EXCLUSIVE: Partner of fallen MN deputy explains how routine call turned deadly in seconds 

Deputy Brody Merrill said he had his doubts about returning to the field after watching his partner, Deputy Josh Owen, get killed. But ultimately he concluded that “Josh wouldn’t want me to quit.”  

Deputy Brody Merrill, left, pictured with Deputy Josh Owen, who was killed in the line of duty. (Photo provided to Alpha News) 

Deputy Brody Merrill of the Pope County Sheriff’s Office is speaking out for the first time about the tragic night that took his partner and friend’s life.

Deputy Merrill joined Liz Collin Reports after being named the Police Officer First Responder of the Year by the Minnesota 100 Club. He was recognized for his heroic actions when a suspect opened fire on Deputy Merrill and two other officers on April 15. Deputy Merrill was wounded, but he rendered first aid to his partner, Deputy Josh Owen, who died from his injuries.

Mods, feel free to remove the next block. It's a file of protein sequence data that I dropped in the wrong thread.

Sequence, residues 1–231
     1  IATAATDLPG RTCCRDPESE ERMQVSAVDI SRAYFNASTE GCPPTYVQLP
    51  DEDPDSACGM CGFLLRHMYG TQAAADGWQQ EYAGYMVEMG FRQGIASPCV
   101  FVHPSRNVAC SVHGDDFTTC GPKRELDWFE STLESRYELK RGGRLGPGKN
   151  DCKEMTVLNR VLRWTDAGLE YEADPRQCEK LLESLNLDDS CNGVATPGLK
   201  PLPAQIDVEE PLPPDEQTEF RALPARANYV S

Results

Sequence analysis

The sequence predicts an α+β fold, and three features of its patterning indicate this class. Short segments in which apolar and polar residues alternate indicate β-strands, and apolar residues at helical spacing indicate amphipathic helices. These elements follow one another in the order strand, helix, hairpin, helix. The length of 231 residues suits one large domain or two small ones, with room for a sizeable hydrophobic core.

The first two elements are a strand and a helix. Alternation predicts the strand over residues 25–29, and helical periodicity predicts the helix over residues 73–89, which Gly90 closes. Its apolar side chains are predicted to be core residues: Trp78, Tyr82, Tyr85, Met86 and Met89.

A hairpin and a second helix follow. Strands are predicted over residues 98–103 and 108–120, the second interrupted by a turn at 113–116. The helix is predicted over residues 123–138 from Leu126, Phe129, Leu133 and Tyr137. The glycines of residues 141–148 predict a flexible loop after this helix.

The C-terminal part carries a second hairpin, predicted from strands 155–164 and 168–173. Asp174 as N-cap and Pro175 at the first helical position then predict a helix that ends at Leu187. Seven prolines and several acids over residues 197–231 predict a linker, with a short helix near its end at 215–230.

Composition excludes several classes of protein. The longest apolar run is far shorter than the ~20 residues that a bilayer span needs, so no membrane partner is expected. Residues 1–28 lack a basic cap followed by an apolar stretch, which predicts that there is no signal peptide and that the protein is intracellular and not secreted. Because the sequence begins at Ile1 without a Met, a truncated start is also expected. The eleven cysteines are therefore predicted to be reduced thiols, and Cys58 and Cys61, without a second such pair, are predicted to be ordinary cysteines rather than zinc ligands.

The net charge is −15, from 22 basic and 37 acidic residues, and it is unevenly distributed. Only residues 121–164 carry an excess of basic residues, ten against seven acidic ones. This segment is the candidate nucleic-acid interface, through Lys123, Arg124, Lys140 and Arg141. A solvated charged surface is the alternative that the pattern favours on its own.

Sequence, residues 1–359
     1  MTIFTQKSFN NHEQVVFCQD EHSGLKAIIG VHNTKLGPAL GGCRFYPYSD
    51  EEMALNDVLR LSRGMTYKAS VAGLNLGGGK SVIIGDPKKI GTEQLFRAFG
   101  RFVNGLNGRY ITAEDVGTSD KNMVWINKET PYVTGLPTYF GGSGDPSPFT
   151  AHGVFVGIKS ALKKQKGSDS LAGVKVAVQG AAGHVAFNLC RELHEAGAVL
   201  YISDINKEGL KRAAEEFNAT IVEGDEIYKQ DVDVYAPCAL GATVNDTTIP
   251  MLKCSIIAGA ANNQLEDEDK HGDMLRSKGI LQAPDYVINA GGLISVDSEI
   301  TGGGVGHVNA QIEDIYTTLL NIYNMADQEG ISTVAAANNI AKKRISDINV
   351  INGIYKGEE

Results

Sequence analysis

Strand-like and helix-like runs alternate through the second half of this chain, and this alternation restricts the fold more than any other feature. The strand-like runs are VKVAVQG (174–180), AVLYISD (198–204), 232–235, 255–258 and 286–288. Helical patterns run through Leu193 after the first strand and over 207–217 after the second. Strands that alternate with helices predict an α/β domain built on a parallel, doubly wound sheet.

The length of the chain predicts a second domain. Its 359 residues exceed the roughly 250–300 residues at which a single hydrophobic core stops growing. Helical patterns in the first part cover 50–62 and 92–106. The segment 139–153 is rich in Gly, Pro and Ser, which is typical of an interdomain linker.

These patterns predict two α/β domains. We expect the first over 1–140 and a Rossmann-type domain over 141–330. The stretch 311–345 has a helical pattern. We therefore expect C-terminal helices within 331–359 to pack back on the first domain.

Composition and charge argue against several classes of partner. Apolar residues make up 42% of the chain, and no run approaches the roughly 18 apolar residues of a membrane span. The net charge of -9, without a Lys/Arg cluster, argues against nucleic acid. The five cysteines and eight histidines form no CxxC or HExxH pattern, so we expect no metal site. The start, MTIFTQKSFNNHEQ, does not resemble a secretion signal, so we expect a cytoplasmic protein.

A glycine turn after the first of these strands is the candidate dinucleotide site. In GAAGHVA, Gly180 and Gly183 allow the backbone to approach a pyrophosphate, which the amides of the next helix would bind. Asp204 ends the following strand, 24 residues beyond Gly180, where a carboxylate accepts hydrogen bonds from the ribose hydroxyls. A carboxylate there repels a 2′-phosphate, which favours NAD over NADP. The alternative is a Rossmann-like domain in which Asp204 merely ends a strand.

It was Owen’s 44th birthday. Deputy Owen left behind a wife and young son.

Merrill opened up about going back to the job and his ongoing commitment to keeping his community safe.

Merrill was on the job with Pope County for four years and partners with Deputy Owen for three of those years on the night it all unfolded.

“It was a Saturday night. We’d worked Friday night together. It was a routine, pretty low-key night on Friday night and I checked on at 5 p.m. Josh was the six o’clock car. He checked on with me or he relieved the other day car and checked on with me. Josh had an evening routine. When he came to work, it was always check on, come in the office, have a cup of coffee, talk with the guys. Then, it was always home for lunch with Shannon and Rylan. Shortly after he had left, I was in the deputies’ room and got the call. It was a third-party call of a domestic, basically somebody else called it in, that they believed a domestic was occurring in Cyrus and I began heading that way,” Deputy Merrill recalled.

Deputy Merrill joined Liz Collin Reports after being named the Police Officer First Responder of the Year by the Minnesota 100 Club. (Photo provided to Alpha News)